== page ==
When Meg Niblett was eight years old, and her three siblings were all cadets at Salcombe Yacht Club, she was terrified of sailing. If her mum managed to persuade her to get in a dinghy at all, she’d have her eyes firmly shut while she held onto anything she could find!
Then came the day when she went out in an RS Vision, sandwiched firmly between two instructors, when she finally opened her eyes – and everything changed.
"After that, I was sailing every weekend,” explains Meg, now 24. “I was racing in Toppers and Fevas with my friend Charlie, sailing rain or shine. I was addicted to it, even in the winter, wearing my winter wetsuit and always at the back, but I didn’t care! I competed in my first race in a local Opti regatta and came first because I was the only one to go around the course the right way!”
Salcombe is a tough place to learn to sail, so Meg built up a lot of skills, navigating in enclosed water, around huge numbers of boats during the summer, and grappling with wind and tide conditions: “For me what really helped me at Salcombe Yacht Club was the cadets on Saturday mornings. It was all about having fun and gaining confidence. Sailing clubs can unlock the enthusiasm in kids. The sailing part goes out of the window, you try and get four in a Pico, or turtle your boat, learning how to sail without knowing you’ve done it, with no pressure from anyone. And, of course, learning from other kids. Food was all ready to go when you came off the water freezing, and we had a lot of family support too – we had a club Feva and Charlie’s dad helped us do it up ourselves, so we could do the Feva nationals a couple of times.
“Jayne Morris, the club’s Sailing Co-ordinator, was amazing. She wanted to push more girls in the sailing world and if I ever wanted to race she would make it happen. When I wanted to get my Sailing Instructor ticket, Jayne organised it all.”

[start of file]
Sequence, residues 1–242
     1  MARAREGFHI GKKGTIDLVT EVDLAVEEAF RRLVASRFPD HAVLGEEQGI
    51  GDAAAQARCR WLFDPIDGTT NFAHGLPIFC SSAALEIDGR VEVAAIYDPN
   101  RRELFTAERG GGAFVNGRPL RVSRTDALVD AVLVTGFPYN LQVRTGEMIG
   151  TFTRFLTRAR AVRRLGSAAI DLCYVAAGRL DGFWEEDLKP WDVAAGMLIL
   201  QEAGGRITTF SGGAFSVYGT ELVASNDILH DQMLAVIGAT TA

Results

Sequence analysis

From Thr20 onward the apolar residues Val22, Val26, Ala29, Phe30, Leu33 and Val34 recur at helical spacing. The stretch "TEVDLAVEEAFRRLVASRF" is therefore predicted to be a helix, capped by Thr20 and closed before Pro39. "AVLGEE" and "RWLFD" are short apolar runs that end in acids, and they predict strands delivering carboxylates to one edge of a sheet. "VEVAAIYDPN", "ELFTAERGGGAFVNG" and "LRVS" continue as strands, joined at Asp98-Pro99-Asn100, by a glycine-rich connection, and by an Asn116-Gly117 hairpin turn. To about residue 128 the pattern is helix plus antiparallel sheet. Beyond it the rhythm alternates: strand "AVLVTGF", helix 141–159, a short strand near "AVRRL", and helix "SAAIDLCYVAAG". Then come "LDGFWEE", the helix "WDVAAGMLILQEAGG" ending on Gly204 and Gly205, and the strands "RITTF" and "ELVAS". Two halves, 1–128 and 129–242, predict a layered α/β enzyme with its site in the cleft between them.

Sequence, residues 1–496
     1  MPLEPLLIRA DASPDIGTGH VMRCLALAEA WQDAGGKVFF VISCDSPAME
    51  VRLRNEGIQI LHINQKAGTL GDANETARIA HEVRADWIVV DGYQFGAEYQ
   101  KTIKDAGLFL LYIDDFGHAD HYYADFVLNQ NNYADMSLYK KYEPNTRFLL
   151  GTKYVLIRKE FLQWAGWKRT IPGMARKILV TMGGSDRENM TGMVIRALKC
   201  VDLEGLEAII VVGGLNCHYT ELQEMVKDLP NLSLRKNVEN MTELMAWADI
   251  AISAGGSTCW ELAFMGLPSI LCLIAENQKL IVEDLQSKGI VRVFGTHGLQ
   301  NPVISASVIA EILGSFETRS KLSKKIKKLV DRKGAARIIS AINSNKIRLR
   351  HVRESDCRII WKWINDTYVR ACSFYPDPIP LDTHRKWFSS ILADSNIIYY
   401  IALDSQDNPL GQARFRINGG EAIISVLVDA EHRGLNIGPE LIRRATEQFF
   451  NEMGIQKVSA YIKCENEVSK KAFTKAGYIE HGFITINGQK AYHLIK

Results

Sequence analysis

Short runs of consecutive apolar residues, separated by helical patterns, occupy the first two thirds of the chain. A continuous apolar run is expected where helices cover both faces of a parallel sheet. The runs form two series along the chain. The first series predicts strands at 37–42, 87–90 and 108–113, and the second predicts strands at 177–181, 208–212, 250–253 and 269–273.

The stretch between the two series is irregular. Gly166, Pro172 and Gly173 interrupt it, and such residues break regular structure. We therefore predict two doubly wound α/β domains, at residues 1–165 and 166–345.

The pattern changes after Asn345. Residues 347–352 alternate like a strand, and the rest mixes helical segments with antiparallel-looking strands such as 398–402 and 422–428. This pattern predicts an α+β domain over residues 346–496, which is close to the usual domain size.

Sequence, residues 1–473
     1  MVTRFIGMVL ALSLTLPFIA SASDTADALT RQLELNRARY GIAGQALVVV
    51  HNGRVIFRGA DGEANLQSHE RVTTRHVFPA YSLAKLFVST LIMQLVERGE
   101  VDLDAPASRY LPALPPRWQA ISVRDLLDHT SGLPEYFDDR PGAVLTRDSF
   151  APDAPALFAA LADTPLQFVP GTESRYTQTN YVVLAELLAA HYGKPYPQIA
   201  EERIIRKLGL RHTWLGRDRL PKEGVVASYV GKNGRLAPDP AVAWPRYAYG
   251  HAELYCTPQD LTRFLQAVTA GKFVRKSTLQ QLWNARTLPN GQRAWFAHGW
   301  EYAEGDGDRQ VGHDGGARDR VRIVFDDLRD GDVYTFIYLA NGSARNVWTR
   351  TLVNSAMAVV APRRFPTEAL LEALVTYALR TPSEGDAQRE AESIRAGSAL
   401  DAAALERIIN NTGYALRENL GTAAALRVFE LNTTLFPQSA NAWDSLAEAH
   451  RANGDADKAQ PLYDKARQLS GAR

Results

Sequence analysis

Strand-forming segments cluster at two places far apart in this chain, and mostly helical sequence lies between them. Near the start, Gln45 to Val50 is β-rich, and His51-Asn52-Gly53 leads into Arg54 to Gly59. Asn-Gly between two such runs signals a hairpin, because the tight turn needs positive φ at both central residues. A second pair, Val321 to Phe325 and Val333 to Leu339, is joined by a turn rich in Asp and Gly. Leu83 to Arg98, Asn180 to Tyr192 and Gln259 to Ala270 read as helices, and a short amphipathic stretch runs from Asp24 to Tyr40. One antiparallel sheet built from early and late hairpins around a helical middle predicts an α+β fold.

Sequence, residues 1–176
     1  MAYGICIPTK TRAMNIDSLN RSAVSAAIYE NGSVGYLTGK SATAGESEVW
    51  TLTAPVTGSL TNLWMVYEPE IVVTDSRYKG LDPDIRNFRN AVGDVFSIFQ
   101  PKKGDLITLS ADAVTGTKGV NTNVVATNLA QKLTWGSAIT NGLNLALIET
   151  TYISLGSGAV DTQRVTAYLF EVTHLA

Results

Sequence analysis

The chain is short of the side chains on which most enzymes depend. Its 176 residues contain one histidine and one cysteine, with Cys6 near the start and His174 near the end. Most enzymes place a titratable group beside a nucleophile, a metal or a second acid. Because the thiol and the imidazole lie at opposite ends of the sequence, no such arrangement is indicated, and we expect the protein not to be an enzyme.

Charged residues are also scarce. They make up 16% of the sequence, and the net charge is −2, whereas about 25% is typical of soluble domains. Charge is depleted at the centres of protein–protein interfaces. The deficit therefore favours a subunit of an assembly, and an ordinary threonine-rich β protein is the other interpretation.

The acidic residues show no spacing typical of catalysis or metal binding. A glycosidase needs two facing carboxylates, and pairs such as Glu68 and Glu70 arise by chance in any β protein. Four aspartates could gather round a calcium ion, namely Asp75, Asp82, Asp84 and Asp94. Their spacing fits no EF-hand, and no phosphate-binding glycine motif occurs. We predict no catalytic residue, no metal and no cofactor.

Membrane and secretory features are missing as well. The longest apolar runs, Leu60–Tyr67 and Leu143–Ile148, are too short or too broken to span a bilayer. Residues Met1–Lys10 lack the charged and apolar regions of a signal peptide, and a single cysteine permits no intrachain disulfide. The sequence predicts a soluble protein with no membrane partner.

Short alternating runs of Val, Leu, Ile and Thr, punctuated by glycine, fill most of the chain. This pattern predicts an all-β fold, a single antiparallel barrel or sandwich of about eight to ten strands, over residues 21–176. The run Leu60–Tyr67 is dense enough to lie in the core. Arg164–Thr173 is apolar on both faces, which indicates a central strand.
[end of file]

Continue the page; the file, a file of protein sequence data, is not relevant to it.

By the age of 17, Meg was a Dinghy Instructor, and as soon as she finished school she went to work for Neilson in Greece, where she also learned to teach windsurfing, and she spent three summers as an instructor there.
“I spent a night on a sailing yacht in Greece, and volunteered to stay with the captain onboard to weather a storm. So I was there watching the sun rise and had an epiphany – I knew that I was going to change to yachting for the rest of my life.
“I’d always wanted to go to Australia, so I booked my tickets to Sydney and did my Yachtmaster course there. Wendy Tuck, the first female to win the Clipper Round the World Race, was my examiner. That was really cool – we got on very well, and she gave me lots of confidence to be a female skipper.”
At the age of just 21, Meg was qualified and fired-up, and started working as a skipper on charter boats, running corporate regattas and Champagne Sailing trips around Sydney Harbour. At the same time, she was still running dinghy sailing and windsurfing courses, and soon she was teaching Start Yachting courses.
It wasn’t long before she got into yacht racing at the lively Middle Harbour Yacht Club, where Flying Fish Sailing operates from: “They do Twilight Races round the harbour. Anyone can go, it’s very relaxed, with beer on the downwind leg (!) and I started doing this after work, just loving the yacht racing. It was there that I got offered a bowman position, and they trained me up for the Sydney Hobart Yacht Race.”
But then fate intervened again, and Meg met Ben, who was captain on a Swan 65. She joined him full-time as first mate, and they did the Sydney Hobart together. They won the Classic Sydney Hobart regatta and the 100nm Bird Island race, and over the past year they’ve lived on the Swan 65 and sailed half-way round the world. Currently they’re heading for the UK for the 2023 Rolex Fastnet Race at the end of July.
“There just aren’t enough women in this industry,” she says. “I like to prove myself, and show people I’m not just a girl drinking champagne at the back of the boat! In fact, I never drink when I sail, I take my work very seriously. I just love sailing, the freedom and being out on the ocean, and I’d do it for free!”
Now 24, Meg is clearly living her dream, and while her siblings no longer sail, her father has just bought a Strider catamaran: “I think he’s a little bit jealous of me!” she laughs. “I think seeing me live on a boat now pushed him to buy another boat and enjoy the ocean again.”